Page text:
Cooking the Books on Immigration Lobbying

By Jerry Kammer on March 22, 2010

Charles H. Kuck (pronounced "cook"), the immediate past president of the American Immigration Lawyers Association, clearly knows a lot about immigration law. But if the comments he made recently on his radio program, Immigration Hour, are any indication, he has a few gaps in his knowledge of immigration lobbying in Washington. Here are some excerpts:

"People that support immigration reform are basically poor. Basically. They don't have money. They're not the insurance companies who can throw a million dollars and rent a lobbyist. And I will tell you today that there are probably two people that are paid lobbyists that lobby on immigration. Because the reality is many of these groups can't afford a lobbyist. And that's probably why we don't have immigration reform is that there aren't lobbyists on this issue. In fact, the paid, the big money lobbyists are the ones that hate immigrants. FAIR, the Federation for American Immigration Reform, and CIS, the Center for Immigration Studies. They actually have paid lobbyists that go after immigrants and push anti-immigration legislation and give large chunks of money to the anti, to the anti-immigration legislators."

Well, not exactly. First of all, the Center for Immigration Studies does not lobby, nor does it donate money to political campaigns or hold fundraisers.

More generally, the lobbying disclosure records compiled by the Center for Responsive Politics show that since 1998, there have been 656 clients -- trade groups, unions, business associations, corporations, civil rights groups, public interest groups, etc. -- that have engaged lobbyists to work on immigration. The overwhelming majority of them are lobbying to expand immigration. Specifically, according to "Immigration Lobbying: A Window Into the World of Special Interests," published last year by FAIR based on the official House and Senate lobbyist records, "Only 2 percent of these organizations [lobbying on immigration] are known to have promoted positions in favor of enforcement of existing immigration laws, limiting the influx of foreign guest workers, and reducing overall levels of immigration."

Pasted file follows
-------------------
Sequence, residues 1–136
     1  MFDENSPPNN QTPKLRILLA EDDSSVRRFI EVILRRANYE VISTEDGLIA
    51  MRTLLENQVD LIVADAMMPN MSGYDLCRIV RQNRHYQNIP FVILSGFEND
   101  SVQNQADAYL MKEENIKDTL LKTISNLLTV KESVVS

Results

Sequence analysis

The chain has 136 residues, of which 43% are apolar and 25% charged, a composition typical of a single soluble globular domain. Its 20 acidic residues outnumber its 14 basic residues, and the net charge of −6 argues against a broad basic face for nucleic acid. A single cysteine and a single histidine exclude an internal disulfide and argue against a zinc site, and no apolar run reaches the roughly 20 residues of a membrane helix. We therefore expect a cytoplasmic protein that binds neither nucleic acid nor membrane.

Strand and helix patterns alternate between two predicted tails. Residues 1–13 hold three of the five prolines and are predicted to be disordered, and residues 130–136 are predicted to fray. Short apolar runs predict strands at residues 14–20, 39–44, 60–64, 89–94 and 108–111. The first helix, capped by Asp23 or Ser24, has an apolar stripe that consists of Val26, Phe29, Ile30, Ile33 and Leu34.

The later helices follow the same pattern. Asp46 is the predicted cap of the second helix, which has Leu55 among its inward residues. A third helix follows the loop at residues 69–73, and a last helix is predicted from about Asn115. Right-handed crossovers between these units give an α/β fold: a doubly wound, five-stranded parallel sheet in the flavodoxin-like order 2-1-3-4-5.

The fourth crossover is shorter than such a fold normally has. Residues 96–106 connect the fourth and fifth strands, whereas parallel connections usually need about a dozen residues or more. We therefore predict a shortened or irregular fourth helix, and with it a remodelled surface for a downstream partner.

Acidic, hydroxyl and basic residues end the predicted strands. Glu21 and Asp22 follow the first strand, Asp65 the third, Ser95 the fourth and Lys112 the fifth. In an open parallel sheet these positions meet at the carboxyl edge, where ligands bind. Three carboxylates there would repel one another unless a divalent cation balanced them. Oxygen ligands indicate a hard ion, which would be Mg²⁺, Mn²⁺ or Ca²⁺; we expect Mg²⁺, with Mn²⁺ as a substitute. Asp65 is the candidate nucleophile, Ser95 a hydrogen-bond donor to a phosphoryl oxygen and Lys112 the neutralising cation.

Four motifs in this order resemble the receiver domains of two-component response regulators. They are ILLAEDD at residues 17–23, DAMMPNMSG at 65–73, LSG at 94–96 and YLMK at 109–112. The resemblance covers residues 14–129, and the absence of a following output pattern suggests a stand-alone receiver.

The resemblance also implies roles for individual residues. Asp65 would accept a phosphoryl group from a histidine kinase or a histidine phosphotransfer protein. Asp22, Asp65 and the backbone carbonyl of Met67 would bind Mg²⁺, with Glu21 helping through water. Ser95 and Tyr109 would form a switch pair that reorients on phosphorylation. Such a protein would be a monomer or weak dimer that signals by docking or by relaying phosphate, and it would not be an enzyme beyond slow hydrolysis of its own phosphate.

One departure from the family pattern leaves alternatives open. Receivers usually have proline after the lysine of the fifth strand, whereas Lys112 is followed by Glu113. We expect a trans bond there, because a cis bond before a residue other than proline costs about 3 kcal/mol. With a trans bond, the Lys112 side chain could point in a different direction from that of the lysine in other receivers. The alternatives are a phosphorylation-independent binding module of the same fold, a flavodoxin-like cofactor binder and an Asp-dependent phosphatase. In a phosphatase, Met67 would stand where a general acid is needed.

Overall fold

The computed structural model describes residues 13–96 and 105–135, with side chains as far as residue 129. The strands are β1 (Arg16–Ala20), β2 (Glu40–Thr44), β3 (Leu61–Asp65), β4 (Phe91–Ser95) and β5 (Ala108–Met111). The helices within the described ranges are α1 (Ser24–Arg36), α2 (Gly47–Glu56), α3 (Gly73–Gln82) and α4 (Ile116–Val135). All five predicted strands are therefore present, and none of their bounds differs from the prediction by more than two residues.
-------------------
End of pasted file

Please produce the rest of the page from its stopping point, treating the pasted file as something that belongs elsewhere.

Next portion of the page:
I can't speak for FAIR, but a check of the FEC's database of campaign contributors shows less than a thousand dollars donated by anyone who lists FAIR as his or her employer. However, I have compiled figures that show that NumbersUSA spent about $1.5 million on lobbying in the three-year period of 2007-2009. That amounts to cigar money for some of the big boys on Mr. Kuck's side of the argument that I list below. Many of whom also spend heavily to engage the services of immigration lawyers.

As for Mr. Kuck's hateful allegation about hate, the report on the SPLC we published last week says all I need to say on that topic at this point.

It would require an extensive effort to tally the expenditures on immigration. But it is safe to say that since 1998, tens of millions of dollars have been spent on immigration lobbying. And it is clear that the vast majority of those dollars have been spent by those who want expansive immigration policies.

Here are just a few of the big spenders: The U.S. Chamber of Commerce, Microsoft Corp, Western Growers Association,American Farm Bureau, American Meat Institute, National Immigration Forum, National Association of Home Builders, National Association of Manufacturers, National Chicken Council, Service Employees International Union, National Council of La Raza, United Farm Workers, Tides Advocacy Fund, Oracle Corp, Dairy Farmers of America, American Hotel & Lodging Assn., Smithfield Foods, American Nursery & Landscape Assn.

Mr. Kuck said on his program that he'll be in Washington today himself, lobbying on behalf of his version of immigration reform.